John Terry leaves Chelsea at the right time for both player and club

Terry brought a brilliant Chelsea career to an end on Sunday, but it was a necessary parting in order for the club to embark on a new, exciting chapter

Miguel Delaney
Stamford Bridge
Sunday 21 May 2017 20:00
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John Terry and Antonio Conte may prove to be icons of the old and new Chelsea
John Terry and Antonio Conte may prove to be icons of the old and new Chelsea

Eventually, after the trophy was presented and medals were handed out amid so many cheers, the tears came too. John Terry couldn’t hold it in any longer, as his voice cracked, towards the end of a long speech on his last appearance at Stamford Bridge as a Chelsea player. The outgoing captain - who naturally lifted the Premier League trophy with his successor Gary Cahill, in one last moment of glory - thanked the fans, thanked his teammates, thanked owner Roman Abramovich, made sure the departing assistant coach Steve Holland was also acknowledged, and then led the entire stadium in a chant of “Antonio, Antonio” as he put his arm around the club’s victorious manager.

That was the thing about this carnival of a day at Stamford Bridge, too, that ended with the players’ younger children playing chasing amid the blue and silver confetti with David Luiz and Diego Costa right in amongst them. So much of it might have been to commemorate Terry’s trophy-laden Chelsea career, but it was also about celebrating what they have done this season so far, and the club’s future.

There can be no doubting who one of the most important figures in that future is, as it has got to the point that Antonio Conte now seems as loved at the club as any of his predecessors.

He showed precisely why, by immediately showing the kind of mentality that has propelled the club back to the top. Amid so much celebration, and when he had of course raised a glass of champagne to the season and apologised to the media for the amount of times he was late for press conferences, he still said it was important not to get too carried away - there is still an FA Cup final to be won, a double to be secured.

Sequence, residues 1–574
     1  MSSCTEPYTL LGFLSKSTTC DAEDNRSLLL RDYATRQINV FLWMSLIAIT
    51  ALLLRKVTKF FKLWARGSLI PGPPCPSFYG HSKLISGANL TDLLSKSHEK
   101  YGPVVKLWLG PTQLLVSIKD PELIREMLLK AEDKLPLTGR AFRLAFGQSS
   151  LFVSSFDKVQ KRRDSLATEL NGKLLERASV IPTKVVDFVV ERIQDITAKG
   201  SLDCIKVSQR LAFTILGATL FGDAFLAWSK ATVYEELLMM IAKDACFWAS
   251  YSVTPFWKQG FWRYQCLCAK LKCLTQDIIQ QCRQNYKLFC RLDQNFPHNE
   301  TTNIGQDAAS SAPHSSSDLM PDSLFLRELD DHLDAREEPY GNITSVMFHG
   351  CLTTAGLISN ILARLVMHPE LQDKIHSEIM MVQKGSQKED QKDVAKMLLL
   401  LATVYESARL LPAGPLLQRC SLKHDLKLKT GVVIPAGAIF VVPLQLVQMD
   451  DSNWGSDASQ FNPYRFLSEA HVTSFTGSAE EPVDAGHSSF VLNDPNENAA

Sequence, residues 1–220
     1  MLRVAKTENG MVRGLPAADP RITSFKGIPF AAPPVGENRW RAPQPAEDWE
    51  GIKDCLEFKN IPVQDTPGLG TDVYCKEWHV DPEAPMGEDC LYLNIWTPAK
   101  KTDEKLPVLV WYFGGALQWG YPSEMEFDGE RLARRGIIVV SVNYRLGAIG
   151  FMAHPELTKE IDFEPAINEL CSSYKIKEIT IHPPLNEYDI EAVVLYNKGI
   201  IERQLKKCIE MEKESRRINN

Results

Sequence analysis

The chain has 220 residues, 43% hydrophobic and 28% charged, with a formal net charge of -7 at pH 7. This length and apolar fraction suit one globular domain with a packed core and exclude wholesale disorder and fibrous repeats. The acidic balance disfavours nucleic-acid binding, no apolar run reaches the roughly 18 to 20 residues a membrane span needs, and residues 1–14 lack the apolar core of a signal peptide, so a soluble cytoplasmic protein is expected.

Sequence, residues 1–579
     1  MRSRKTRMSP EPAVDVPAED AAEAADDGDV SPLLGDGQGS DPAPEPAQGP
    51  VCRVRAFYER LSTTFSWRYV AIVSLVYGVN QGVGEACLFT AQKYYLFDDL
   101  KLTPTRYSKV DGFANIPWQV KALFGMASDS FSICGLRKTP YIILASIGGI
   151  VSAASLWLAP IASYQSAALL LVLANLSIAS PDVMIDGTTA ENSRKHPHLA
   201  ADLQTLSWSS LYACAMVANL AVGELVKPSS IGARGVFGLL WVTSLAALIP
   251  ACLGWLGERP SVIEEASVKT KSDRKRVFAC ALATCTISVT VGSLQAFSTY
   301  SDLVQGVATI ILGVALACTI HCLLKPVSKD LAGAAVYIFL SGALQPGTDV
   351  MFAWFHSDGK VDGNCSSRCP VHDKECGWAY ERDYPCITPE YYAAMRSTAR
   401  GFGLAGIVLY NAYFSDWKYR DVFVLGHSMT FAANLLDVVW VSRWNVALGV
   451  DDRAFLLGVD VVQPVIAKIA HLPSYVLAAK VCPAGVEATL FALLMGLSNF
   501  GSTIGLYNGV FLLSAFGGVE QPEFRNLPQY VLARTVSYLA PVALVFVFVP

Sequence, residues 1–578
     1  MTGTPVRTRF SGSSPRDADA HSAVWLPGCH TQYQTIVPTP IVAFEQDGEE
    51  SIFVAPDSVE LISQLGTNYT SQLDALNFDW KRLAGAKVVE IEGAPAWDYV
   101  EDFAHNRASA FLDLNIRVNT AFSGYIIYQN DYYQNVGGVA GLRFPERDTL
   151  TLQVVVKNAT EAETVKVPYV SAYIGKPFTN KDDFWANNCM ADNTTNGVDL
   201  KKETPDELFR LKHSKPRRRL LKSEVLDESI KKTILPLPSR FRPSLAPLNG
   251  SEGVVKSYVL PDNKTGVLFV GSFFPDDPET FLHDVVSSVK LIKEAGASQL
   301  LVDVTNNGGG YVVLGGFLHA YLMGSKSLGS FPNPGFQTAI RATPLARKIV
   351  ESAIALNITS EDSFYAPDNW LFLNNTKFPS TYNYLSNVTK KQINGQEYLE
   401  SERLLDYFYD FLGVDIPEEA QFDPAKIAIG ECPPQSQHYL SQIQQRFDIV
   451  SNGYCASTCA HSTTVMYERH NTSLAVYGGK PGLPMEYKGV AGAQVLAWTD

“This is the real danger for us,” Conte said, his smiling face turning serious so quickly. “To think that this season is finished and if you win or lose it doesn't change the situation. We must think as winners, not as losers. It's important to celebrate as we did today, enjoying this moment with our families and fans, and celebrate this title because it wasn't easy, this season. But as of tomorrow, I'll try and push a lot to explain that this season will be great. If we hadn't won the title, this season would have been good. Having won it, it's become great. Now I think this season can become fantastic if we are able to win the FA Cup. We must find the right motivation… it’s important for us to celebrate but, then, to find the right fire in our soul to work very hard this week and 'feel' this game. It's a great opportunity to win and do the double.”


It won’t get any easier for Conte’s players, then, although Terry found things tough in a different way. He said that this farewell was “one of the most difficult days of my life”, and it was difficult for many in the stadium not to be touched, as images on the screen showed his finest moments in a blue shirt and even his children began to cry.

“I'd like to thank my wife and my kids,” Terry said. “The support you've given me is amazing. Thank you, I love you. Lastly, you guys the fans, the best supporters in the world without a shadow of a doubt. You've given me everything from the age of 17 when I first started out. You picked me up when I was down, sung my name when I've had bad days and disappointed you as well. Thank you will never ever be enough, but I'll tell you what: I'll be back here one day. I'm going to be supporting the players and the club from the bottom of my heart. Thank you so much, I love you all.”

As fitting as it was that Terry will end his Chelsea career lifting a trophy, it can’t have been too easy a season either; not when a competitor like him has been so sidelined. The captain is not retiring, after all, but is leaving in search of regular football. For all that Conte praised Terry’s contribution off the pitch, too, the reality is that he was essentially one of those players whose influenced had to be reduced so Chelsea could finally move onto a new era; to properly herald the future.

That future looked very positive on Sunday but, for all the debate and controversy over the years, the images of Terry shown on the big screen at Stamford Bridge proved that past often looked so good too.

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